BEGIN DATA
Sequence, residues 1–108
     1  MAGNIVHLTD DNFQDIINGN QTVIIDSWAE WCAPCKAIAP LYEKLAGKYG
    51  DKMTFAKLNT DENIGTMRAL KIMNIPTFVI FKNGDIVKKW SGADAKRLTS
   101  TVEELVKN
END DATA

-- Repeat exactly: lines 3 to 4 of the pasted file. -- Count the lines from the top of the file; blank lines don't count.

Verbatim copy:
    51  DKMTFAKLNT DENIGTMRAL KIMNIPTFVI FKNGDIVKKW SGADAKRLTS
   101  TVEELVKN